This being said, individual users can report generally abusive content directly to Twitter—indeed, it is first on the list on Twitter’s policy page. Abusive content includes accounts or individual Tweets used to harass individuals or promote or incite violence. These reports go to a real person trained to evaluate and make a judgment call on whether or not the content in question violates the rules and should be removed.
Note that on average 6,000 Tweets are posted each minute, totaling about 500 million each day. As Twitter doesn’t (and never has, and realistically never could) actively mediate content, even if each piece of offending material was reported using available tools it would still constitute one of the world’s largest games of “whack-a-mole.”
In light of near universal calls for Twitter, Facebook, Ask.fm and other social media sites to suppress extremist content from public view, a number of questions arise. Some are practical: how many Twitter employees speak or read Arabic or Urdu or Farsi, etc.? Should these requests be given preferential treatment over other offensive content like child pornography or threats of rape? Who makes that decision? How many people can a company be expected to employ to review these requests when they have other legitimate business concerns as well?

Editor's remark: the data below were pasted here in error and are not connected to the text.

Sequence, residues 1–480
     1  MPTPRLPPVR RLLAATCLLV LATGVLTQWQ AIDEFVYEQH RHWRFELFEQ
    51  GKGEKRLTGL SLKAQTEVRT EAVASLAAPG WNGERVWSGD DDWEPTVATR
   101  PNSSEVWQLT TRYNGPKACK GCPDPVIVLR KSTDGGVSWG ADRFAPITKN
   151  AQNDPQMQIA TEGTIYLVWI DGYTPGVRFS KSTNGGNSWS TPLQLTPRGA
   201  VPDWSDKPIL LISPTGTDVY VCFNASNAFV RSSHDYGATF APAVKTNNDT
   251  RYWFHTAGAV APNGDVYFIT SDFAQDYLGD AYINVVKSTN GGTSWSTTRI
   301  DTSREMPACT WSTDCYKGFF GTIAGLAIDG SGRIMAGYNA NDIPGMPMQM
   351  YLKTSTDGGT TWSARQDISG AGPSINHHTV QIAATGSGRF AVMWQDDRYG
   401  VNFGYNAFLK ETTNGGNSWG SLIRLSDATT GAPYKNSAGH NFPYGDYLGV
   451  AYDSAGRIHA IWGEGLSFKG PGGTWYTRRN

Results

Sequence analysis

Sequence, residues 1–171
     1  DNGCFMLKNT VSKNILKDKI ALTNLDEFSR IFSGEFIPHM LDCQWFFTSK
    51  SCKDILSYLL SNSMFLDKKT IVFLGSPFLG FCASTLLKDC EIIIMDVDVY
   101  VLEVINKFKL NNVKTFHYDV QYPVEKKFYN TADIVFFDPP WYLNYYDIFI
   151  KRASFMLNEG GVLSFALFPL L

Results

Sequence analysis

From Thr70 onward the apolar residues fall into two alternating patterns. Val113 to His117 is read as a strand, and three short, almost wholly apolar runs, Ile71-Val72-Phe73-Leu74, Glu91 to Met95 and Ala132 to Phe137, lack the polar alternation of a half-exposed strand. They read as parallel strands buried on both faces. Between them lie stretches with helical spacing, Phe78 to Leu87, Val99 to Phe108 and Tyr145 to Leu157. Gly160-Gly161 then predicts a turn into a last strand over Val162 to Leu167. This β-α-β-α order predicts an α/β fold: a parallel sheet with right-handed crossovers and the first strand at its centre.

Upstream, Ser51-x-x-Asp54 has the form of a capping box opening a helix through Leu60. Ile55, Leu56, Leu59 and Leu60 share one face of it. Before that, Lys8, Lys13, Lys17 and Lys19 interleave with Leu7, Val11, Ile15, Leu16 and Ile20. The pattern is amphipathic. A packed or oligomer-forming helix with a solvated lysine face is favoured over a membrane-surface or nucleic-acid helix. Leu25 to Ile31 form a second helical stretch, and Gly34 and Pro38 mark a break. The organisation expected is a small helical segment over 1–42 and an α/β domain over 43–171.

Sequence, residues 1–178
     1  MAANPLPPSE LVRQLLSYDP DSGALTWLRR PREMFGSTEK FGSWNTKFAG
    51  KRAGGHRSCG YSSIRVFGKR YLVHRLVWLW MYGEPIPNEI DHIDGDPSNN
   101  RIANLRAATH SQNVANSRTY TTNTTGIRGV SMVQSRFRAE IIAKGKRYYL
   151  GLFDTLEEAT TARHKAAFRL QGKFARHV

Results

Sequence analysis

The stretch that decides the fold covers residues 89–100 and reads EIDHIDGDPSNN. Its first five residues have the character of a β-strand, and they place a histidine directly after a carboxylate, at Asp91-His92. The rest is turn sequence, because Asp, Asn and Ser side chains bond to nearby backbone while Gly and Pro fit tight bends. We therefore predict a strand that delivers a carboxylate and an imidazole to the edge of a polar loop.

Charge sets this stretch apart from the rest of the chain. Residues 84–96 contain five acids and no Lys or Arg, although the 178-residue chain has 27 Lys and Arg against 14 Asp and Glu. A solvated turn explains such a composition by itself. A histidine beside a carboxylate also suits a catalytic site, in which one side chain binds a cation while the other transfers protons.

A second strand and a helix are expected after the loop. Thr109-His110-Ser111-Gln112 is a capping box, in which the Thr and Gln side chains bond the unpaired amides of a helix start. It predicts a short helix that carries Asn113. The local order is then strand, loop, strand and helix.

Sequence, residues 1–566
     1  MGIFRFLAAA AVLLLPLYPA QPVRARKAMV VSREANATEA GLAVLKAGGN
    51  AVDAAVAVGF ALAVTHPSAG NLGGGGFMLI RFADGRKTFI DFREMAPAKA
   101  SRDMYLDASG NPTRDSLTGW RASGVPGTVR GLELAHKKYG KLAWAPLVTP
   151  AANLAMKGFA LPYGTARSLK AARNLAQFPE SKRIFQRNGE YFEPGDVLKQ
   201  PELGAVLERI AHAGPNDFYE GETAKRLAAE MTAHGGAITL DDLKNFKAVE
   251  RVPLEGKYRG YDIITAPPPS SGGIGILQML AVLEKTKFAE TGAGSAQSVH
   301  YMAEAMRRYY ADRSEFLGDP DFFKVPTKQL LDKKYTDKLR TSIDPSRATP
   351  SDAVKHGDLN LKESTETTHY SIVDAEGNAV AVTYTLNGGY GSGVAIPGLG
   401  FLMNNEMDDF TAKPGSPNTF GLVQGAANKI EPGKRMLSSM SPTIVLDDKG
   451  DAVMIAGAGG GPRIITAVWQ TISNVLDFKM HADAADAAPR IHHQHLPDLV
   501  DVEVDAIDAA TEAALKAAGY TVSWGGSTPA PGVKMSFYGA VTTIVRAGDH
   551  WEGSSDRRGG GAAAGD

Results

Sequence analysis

Debates on these questions could fill volumes, and these are the easy ones.
Some questions are, broadly, ideological. For accounts or Tweets sympathetic to, or acting as amplifiers of, Muslim ‘extremism’ that don’t specifically incite or promote violence, how far is too far? As there is no accepted definition of ‘extremism’ (as there is no definition of ‘religion,’ ‘culture,’ ‘terrorism,’ etc.) how can we address these questions systematically but with an eye towards the precedent we are setting for the future?
We are living in the new world of proactive counter-terrorism programs. In the U.S., for example, there is create and capture, an NYPD program that sent undercover informants to report on the behavior of Muslims attending mosques, study groups, and community events hoping to identify potentially radical organizations and individuals. The Green Number, or Numéro Vert, is a private telephone hotline in France where family and friends can report someone they fear may become radicalized. And in the U.K., Prevent is a program that essentially creates ‘trigger warnings’ for teachers and institutions to report the potential for radicalization.
I do not mean to condemn or even criticize these programs, merely to point out they represent a step towards a culture of policed thought—extremism is an actual threat, but it benefits no one if suspicion, or ideological discomfort, becomes the rationale for censorship or punishment.
I am not arguing here that Twitter is incapable of doing more, or should not do more. I do think it’s important to note that Twitter employees (and execs) have been specifically threatened by ISIS in the recent past, and as such feel perhaps more acutely than most the urgency of these issues.
Twitter is tackling solvable problems where they can. I believe that as a culture we need to approach this issue on two fronts: we must continue the practical, on-the-ground conversation ofhow to remove illegal, hateful, or violent speech from social media quickly and at scale, while continuing to consider why this is done and how it is justified.
Editor’s note: Sofi Hersher is a graduate student at King’s College London pursuing a Master’s Degree in Religion in Contemporary Society. Her research focuses on how modern technology, and social media in particular, is affecting religious dialogue. She is an American former employee of Twitter, currently living in London.